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OUTDOORS INSTITUTE

Dogging the trail at all costs

June 01, 2004|Julie Sheer | Times Staff Writer

It's a scorcher, and your best friend is panting heavily and keeps stopping in shady patches to escape the sun.

Dogs aren't immune to the same conditions that can make humans miserable and sick on a summer hike. But when it comes to trail ailments, your canine buddy won't complain as much as your two-legged pals.

"Dogs just want to go and go. They tend to be so loyal, they'll work to exhaustion," says Dr. Joanne Dixon, a veterinarian at the Sun Valley Animal Center in Ketchum, Idaho.

Heatstroke is a big problem in summer, says Dixon, because hikers may forget to consider a dog's conditioning or age when setting out on a warm day along a sun-exposed trail.

Don't expect a couch "paw-tato" or a 12-year-old Labrador retriever (equal in age to an 84-year-old) to have the stamina of a young, lean, canine hiking machine.

Dogs release heat through their paws and by panting. Signs that your mutt is melting include heavy panting and an elevated heart rate, says Dixon, adding that heat can cause a dog's temperature to rise as high as 107 degrees. Normal range for a dog is about 100 degrees to 102.5 degrees.

To cool down an overheated pooch, sit in the shade for a spell, sprinkle water on him or, better yet, dip him in a lake or stream.

Common sense dictates trail safety when it comes to dogs. You drink from a water bottle on a hot day, right? So bring a separate bottle of water for Fido -- at least 2 quarts for a medium-sized dog on a moderately warm day. (He can carry it himself if you strap on a doggie pack.) And don't forget a bowl, preferably a fabric one that collapses and clips onto your belt or pack.

Unlike humans, most dogs who sip from wilderness waterholes usually aren't affected by parasites such as giardia, which causes intense diarrhea and cramping in humans. However, try to keep your dog from drinking from lakes and streams in case he succumbs to the intestinal bug.

Active dogs like running on a leash-free beach or clambering along a rocky trail to a chilly alpine lake. Note to owners: Walking on razor-sharp rocks may be a cinch in hiking boots, but it can seriously injure a house dog's sensitive paw pads.

Damaged paw pads are one of the most common problems among trekkers with dogs on the Lost Coast in Northern California, according to the King Range National Conservation Area website. Dogs are allowed to traverse 35 miles of beach and grassy areas along this seaside hiking trail.

Carry a set of dog booties when you hike, but make sure Rover gets used to wearing them first. Most dogs better tolerate soft ones used by Alaskan mushers than stiff styles made from Cordura, Dixon says.

And if you're dragging your dog up that peak you've been dying to bag, keep in mind the effects of altitude. The jury's still out on whether dogs can become afflicted with acute mountain sickness, but if you're feeling lightheaded and breathing hard, your pooch may be feeling the same way.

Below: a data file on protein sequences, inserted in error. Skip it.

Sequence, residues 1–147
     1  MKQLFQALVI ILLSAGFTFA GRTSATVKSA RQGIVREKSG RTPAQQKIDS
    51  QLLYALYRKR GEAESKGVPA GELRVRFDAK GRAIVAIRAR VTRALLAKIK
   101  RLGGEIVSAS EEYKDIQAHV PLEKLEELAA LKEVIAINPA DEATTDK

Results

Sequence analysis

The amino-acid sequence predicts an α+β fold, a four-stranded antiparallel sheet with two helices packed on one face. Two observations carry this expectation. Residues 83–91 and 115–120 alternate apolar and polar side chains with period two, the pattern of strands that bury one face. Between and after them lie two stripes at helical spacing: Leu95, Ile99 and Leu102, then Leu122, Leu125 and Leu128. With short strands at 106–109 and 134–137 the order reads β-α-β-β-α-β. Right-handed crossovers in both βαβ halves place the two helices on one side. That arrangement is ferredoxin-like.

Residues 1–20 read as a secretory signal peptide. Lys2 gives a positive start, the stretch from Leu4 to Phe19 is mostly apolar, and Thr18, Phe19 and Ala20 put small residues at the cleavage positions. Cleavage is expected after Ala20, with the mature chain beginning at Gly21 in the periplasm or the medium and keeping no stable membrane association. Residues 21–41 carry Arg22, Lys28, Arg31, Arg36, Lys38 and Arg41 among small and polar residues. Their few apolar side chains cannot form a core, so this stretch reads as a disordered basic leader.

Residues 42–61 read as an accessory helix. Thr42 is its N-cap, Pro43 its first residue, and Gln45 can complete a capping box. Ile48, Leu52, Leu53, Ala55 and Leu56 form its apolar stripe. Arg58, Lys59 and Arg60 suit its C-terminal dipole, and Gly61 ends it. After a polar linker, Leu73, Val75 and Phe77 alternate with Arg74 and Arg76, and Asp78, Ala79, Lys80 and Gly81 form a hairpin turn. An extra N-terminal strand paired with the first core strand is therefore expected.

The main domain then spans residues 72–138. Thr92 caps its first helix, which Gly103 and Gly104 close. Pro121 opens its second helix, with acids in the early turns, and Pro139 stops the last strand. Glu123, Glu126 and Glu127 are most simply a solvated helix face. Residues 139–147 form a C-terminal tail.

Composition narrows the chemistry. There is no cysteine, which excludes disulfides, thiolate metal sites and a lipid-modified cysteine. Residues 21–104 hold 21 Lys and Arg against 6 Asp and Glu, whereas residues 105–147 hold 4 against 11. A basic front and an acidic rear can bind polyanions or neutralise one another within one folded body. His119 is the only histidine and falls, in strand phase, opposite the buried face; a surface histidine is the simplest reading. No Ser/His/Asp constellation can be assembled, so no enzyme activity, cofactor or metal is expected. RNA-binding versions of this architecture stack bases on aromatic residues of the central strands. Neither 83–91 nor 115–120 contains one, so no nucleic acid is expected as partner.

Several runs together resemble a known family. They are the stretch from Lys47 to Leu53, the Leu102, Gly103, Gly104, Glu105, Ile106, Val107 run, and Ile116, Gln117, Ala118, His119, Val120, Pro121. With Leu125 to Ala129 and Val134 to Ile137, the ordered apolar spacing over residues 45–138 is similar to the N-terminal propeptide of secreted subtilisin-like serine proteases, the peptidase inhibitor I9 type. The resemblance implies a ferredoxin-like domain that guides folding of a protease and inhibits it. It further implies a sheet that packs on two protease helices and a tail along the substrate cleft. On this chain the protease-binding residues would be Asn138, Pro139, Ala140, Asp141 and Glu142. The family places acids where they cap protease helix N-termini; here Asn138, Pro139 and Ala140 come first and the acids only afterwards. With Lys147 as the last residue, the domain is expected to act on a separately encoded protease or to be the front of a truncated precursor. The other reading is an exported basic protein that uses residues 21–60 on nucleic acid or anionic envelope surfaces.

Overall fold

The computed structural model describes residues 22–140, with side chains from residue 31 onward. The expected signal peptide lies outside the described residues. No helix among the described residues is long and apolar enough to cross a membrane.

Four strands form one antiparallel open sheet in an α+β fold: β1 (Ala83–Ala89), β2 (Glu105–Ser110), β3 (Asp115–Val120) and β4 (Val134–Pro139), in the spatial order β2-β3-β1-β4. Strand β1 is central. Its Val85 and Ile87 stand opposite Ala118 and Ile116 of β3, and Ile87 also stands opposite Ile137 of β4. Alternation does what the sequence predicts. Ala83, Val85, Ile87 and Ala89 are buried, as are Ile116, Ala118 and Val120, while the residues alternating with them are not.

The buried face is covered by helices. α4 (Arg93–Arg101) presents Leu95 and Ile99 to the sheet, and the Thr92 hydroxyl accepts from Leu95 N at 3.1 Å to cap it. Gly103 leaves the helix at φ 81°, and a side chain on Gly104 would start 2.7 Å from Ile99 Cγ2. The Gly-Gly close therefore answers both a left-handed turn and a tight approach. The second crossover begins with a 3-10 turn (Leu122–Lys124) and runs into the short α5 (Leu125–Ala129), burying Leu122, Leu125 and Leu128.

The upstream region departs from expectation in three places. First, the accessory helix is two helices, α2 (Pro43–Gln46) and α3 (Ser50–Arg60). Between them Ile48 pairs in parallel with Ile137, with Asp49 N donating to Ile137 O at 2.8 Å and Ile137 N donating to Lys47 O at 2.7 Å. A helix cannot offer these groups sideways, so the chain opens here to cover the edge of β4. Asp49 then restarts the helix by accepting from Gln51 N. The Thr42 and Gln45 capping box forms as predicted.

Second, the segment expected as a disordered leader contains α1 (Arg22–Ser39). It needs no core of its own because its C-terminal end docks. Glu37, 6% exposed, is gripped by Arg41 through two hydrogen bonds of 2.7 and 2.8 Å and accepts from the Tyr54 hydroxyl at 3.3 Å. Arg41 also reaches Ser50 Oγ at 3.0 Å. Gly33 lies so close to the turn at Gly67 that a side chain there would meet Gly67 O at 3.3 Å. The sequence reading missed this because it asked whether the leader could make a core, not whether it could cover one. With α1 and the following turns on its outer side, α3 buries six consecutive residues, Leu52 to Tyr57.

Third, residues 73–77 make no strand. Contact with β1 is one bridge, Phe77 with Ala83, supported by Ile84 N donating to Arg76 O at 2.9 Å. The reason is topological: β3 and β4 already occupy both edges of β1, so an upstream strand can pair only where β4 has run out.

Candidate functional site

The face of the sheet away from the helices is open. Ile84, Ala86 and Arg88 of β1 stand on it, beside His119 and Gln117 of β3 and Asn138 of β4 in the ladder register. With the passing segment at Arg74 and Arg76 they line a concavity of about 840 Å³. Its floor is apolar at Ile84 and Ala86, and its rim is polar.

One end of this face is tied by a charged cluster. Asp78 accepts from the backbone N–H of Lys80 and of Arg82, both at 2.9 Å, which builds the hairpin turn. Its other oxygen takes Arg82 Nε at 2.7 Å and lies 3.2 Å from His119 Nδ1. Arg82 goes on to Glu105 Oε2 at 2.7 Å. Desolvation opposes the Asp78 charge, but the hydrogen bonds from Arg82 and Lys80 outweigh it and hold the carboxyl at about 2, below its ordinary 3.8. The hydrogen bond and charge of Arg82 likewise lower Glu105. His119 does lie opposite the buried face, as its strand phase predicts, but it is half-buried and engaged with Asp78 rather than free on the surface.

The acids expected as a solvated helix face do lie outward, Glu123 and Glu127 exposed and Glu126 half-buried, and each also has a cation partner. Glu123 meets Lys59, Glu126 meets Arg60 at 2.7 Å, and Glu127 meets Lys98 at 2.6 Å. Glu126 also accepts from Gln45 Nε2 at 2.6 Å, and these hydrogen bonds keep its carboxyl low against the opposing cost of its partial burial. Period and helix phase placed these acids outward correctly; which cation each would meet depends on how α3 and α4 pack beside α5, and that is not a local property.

Dogs can become hypothermic, which occurs when their body temperature falls below 95 degrees. Watch for extreme shivering after a swim in cold water. Towel off the chilled pup and have her huddle with other dogs or humans for warmth.

Other doggie trail hazards to avoid: foxtails, the grass seed that sticks to fur and can lodge in ears or burrow into flesh; poison oak, which won't affect your dog but may rub off on you; bites from mosquitoes and ticks; bee stings and snake bites.

Many vets recommend a monthly heartworm and flea pill during warm months. It might also be wise to apply a flea and tick killer.

Use tweezers to remove ticks from your dog and make sure he's been vaccinated for Lyme disease. Some veterinarians carry a new rattlesnake vaccine but, according to UC Davis, it's too soon to tell how effective it is.

Keeping your dog leashed or under voice control will keep him safe in the outdoors. Dogs can be fun to bring along, but they depend on their owners to troubleshoot the trails for them.

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To e-mail Julie Sheer or read her previous Outdoors Institute columns, go to latimes.com/ juliesheer.

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First-aid tip: Save Tylenol for yourself

It's usually safe to give Rover aspirin if his limbs are stiff after a tough hike but don't ever substitute ibuprofen (Advil) or acetaminophen (Tylenol). Veterinarians say small doses of ibuprofen may be toxic to dogs, causing kidney damage as well as stomach ulcers. Acetaminophen is a little safer, but not much; it may reduce liver function and disrupt red blood cells in some dogs.

Other dog treatments that pass the sniff test: Neosporin for abrasions, Benadryl for allergic reactions to bee stings and Pepto-Bismol for intestinal distress. Check with a vet for proper dosages.

A handy book to keep in your pack is "Dog First Aid: A Field Guide to Emergency Care for the Outdoor Dog" by veterinarian Randy Acker of Sun Valley Animal Center in Ketchum, Idaho.

You also should assemble a doggie first-aid kit or buy a ready-made one from companies such as Ruff Wear or Cabela's. Here are items to include:

Flexible bandage

Medical tape

Duct tape

Tweezers or forceps

Scissors

Antibiotic cream

Antihistamine

Aspirin

Muzzle (the friendliest dog may bite when in pain)

Digital thermometer

-- Julie Sheer

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